The social networks of people with learning disabilities living in the community twelve years on.

Rachel Forrester-Jones, Paul Cambridge, John Carpenter, Alison Tate, Jennifer Beecham, Angela Hallam, Martin R J. Knapp, Pauline Coolen-Schrijner, David Wooff

Research output: Contribution to journalMeeting abstractpeer-review

Abstract

This paper reports on the social lives of people with learning disabilities twelve years after resettlement from long-stay hospital. A combination of both quantitative and qualitative methods were employed. The new findings are presented in relation to their relevance to policy and practice in community care more widely. Overall, the social network size for people with learning disabilities at Twelve Years On was relatively high, compared to other similar groups of people with learning disabilities. The importance of staff within peoples social networks was also very evident, as was the high proportion of other service users who were referenced as friends. Befriending schemes have had little impact in most services for people with learning disabilities, yet service users have experienced a wide range of social contexts within which to develop friendships. The findings also suggest that the more independent living environments are related to closer and more reciprocal relationships than other types of accommodation, but are also environments where bullying can take place between residents.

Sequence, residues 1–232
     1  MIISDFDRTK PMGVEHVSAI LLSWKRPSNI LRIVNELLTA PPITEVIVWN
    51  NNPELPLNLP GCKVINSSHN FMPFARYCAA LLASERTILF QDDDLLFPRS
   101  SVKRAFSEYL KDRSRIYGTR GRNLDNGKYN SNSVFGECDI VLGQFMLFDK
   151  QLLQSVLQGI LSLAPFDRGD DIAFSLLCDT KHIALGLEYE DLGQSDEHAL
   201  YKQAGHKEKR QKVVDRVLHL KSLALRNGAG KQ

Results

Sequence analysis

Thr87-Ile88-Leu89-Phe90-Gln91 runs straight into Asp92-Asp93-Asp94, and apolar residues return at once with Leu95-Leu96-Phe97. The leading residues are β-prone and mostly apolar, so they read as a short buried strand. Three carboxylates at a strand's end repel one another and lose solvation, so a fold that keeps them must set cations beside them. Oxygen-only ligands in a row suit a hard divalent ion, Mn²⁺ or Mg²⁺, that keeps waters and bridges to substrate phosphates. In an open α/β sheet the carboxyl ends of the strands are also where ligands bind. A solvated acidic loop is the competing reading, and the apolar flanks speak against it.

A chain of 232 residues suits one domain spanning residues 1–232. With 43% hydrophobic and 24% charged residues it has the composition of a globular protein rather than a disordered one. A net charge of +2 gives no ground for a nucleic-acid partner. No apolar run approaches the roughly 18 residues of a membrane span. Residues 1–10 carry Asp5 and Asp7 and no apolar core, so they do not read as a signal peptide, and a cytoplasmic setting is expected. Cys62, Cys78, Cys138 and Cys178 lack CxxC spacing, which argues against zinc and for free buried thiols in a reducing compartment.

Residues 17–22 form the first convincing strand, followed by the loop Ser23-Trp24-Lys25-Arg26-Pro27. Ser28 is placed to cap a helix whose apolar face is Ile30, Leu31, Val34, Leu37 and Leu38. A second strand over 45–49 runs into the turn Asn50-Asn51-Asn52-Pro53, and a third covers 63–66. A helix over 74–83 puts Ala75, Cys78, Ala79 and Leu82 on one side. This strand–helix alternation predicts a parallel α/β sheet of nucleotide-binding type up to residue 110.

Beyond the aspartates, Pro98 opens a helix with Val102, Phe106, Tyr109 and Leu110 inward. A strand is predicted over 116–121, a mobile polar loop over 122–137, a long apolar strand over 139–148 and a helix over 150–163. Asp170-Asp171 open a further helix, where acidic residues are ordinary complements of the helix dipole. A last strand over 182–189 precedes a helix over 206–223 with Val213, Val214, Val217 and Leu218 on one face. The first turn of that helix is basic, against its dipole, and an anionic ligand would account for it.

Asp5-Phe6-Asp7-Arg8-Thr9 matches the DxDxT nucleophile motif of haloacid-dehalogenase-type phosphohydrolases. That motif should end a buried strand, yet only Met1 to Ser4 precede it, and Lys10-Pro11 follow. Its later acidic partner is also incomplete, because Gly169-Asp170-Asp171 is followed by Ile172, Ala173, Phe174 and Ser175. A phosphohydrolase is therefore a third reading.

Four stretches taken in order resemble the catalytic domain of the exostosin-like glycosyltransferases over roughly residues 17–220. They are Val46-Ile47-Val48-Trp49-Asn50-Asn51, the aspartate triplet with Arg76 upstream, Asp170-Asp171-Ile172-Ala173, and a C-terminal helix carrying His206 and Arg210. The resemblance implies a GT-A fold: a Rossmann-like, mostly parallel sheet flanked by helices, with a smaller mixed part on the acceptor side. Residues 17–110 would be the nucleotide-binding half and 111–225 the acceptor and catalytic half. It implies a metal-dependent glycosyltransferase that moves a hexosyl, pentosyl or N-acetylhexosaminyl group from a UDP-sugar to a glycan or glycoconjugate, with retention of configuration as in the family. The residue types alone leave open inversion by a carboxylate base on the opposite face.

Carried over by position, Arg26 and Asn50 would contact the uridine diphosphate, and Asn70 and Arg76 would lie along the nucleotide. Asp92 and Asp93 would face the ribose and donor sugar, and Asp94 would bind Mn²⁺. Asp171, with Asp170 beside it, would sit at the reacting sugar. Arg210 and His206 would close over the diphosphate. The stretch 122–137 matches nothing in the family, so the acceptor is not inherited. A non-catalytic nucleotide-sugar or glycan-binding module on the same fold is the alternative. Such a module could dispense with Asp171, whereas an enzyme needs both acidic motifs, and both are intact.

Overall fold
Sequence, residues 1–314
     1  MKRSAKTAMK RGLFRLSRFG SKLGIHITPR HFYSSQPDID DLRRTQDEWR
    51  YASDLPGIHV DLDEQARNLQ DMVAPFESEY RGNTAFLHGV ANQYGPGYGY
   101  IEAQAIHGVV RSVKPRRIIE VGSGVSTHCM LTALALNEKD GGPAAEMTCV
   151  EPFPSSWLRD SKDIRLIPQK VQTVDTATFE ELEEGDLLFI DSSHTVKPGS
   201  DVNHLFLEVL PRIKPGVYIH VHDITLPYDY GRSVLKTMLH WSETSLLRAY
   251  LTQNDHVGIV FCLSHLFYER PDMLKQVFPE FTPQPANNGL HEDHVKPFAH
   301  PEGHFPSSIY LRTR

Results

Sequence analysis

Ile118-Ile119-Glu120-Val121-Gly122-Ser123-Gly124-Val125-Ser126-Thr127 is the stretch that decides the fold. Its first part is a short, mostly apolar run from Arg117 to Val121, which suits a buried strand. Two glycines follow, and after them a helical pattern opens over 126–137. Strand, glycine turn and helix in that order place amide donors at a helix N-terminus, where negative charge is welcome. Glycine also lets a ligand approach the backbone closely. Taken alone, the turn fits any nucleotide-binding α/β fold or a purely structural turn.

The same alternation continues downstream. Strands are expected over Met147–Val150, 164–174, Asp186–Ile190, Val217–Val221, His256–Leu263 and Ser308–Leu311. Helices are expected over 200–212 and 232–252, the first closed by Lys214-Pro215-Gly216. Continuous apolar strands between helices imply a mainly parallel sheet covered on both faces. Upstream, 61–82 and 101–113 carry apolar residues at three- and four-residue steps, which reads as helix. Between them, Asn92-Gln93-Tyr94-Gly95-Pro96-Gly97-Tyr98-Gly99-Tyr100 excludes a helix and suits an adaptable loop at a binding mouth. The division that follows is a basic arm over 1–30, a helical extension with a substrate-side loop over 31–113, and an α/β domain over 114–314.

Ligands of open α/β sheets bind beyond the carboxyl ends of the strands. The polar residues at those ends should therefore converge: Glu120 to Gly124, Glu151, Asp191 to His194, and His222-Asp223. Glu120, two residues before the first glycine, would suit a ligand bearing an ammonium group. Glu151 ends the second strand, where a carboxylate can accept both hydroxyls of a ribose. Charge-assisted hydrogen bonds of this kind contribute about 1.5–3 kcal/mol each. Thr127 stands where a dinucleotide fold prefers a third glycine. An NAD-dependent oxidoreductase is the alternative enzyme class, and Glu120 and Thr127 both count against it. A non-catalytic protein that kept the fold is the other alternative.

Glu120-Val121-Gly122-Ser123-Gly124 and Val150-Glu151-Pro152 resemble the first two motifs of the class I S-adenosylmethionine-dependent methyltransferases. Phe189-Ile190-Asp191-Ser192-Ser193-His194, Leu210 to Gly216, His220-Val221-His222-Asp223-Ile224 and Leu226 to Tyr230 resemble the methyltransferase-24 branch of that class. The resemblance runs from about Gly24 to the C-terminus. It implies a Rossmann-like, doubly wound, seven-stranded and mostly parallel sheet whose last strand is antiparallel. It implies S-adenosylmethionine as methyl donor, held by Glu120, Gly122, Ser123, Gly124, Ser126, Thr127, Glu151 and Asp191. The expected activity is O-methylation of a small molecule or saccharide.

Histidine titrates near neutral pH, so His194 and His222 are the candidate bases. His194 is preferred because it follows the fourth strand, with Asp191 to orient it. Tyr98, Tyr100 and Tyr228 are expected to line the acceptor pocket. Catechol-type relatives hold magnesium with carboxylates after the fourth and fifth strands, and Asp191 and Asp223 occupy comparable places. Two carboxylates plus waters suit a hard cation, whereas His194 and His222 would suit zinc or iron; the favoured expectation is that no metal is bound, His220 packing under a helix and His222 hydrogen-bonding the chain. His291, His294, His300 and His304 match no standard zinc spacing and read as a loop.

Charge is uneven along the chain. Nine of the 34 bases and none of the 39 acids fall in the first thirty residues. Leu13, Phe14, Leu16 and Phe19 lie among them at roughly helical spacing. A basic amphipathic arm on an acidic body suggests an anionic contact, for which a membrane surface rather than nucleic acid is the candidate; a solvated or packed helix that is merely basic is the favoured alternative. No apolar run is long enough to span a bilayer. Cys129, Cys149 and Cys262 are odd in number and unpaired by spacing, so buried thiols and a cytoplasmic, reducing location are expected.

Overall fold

Original languageEnglish
Pages (from-to)90-90
JournalIASSID published Abstracts
Publication statusPublished - 14 Jun 2002
EventInternational Association for the Scientific Study of Intellectual Disabilities Inaugural Conference, 12-15 June 2002, Dublin - Dublin, Ireland
Duration: 12 Jun 200215 Jun 2002

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